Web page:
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That was in direct response to the Select Committee on Science and Technology of this House, which recommended in its Fifth Report in 1999-2000 that the Government ensure,

It has become a priority and it is in this Bill.

The United Kingdom is in the vanguard of taking responsibility for these issues and our proposed new general duty has been widely welcomed on all sides. But the amendment goes far wider than your Lordships' committee ever envisaged or the Government believe is necessary. It looks as if it could encompass any health issues relating to "any aerodrome-related operations". It could thus give the Secretary of State a duty in relation to all the service industries in airports, as well as to the airlines. Presumably, it could cover traffic congestion around airports—from passengers arriving or departing, from logistics companies servicing the shopping malls, or from cargo handling operations. It could possibly extend to other health issues concerning catering, baggage handling or security to the extent that these impact on,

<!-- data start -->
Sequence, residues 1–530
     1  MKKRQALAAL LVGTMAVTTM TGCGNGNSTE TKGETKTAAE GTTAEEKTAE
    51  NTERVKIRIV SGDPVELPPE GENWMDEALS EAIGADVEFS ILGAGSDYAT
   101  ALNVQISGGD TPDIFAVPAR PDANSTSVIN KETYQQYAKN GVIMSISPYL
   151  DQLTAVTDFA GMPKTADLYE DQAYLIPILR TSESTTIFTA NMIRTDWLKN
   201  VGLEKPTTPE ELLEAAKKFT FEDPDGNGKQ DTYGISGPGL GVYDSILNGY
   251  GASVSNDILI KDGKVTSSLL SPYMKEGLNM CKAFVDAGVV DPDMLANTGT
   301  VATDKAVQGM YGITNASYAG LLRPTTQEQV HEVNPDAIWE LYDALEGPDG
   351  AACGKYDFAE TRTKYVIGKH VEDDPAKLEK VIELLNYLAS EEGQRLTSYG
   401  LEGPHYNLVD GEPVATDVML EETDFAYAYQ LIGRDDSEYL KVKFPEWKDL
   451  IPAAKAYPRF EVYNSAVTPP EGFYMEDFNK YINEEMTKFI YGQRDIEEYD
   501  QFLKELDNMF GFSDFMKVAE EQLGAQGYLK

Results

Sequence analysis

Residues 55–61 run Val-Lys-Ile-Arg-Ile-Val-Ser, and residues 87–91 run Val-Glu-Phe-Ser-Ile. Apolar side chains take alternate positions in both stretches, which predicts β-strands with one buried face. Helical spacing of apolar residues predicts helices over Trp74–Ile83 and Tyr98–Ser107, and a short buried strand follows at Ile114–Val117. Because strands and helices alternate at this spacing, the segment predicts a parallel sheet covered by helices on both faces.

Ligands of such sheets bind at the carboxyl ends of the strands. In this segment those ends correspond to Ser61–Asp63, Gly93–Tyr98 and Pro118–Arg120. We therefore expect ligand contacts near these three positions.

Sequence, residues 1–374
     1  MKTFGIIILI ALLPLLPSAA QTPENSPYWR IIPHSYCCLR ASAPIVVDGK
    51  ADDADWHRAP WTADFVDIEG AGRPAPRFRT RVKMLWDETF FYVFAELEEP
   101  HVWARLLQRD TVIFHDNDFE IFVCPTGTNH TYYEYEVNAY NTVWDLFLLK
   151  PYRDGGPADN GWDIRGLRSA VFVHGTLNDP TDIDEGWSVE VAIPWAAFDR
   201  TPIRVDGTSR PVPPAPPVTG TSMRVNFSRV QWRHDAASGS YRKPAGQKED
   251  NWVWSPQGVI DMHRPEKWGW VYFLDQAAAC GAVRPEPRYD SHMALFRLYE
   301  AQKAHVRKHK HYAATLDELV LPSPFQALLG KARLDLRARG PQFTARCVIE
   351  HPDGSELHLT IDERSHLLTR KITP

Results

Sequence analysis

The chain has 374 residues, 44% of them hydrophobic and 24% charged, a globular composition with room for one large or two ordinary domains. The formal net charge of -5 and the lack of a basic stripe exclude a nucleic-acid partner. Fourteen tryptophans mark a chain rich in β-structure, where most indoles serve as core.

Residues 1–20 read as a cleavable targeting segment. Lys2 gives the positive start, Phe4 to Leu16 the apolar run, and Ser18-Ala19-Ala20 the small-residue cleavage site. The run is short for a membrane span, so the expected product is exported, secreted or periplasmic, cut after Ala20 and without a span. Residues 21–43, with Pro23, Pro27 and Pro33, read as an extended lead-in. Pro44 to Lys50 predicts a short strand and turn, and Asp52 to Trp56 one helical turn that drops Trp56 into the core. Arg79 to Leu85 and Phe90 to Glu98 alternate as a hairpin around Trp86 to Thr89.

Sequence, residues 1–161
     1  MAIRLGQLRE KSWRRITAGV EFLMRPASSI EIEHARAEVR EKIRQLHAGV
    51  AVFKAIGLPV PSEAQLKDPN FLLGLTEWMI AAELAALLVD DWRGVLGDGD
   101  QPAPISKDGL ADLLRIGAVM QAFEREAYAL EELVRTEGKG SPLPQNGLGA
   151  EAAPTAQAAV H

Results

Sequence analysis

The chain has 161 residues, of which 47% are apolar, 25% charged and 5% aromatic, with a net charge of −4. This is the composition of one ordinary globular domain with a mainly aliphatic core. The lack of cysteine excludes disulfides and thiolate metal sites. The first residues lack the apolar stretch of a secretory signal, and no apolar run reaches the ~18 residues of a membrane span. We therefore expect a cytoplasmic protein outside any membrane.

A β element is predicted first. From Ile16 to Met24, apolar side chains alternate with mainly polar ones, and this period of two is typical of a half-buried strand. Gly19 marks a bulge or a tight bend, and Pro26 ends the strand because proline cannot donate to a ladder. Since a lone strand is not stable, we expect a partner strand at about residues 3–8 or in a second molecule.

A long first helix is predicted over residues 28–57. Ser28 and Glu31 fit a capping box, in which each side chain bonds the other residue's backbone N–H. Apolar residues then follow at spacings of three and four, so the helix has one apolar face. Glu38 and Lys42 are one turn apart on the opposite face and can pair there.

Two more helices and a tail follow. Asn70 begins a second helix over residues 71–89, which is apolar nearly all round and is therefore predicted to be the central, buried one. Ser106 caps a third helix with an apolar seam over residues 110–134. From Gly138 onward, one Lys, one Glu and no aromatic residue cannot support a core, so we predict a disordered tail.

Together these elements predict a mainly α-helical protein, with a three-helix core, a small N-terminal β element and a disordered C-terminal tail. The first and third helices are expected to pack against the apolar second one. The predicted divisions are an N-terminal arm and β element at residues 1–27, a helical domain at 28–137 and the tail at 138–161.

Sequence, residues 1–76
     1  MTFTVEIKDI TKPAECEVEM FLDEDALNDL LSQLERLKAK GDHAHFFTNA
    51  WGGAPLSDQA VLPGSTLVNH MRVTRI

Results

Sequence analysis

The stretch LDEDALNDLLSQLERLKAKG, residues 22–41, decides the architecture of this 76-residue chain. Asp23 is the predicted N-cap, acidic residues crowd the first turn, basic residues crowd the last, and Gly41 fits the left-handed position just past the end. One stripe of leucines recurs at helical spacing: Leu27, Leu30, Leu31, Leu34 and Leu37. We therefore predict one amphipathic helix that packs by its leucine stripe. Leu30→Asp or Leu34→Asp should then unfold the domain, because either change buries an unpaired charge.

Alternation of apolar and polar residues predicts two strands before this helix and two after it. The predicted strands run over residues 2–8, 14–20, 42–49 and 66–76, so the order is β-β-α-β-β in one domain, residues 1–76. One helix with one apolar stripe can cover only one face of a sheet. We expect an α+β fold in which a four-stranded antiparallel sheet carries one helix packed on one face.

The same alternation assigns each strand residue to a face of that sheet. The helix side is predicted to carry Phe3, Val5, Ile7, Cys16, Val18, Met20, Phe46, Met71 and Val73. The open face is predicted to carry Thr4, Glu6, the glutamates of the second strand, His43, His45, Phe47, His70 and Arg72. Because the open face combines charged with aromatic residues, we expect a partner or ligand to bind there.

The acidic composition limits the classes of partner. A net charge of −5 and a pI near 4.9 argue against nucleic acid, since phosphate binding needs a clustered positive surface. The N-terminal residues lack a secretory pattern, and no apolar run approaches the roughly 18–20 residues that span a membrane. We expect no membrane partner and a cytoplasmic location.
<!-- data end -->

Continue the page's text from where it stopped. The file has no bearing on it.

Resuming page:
That is a very wide extension.

To the extent that those living in the vicinity of aerodromes are engaged in any form of business, those businesses are covered by the Health and Safety at Work etc. Act, which extends the duty on employers to include the health risks to the wider public arising from their work activities. We do not think that duty on businesses should be placed on the Secretary of State for Transport.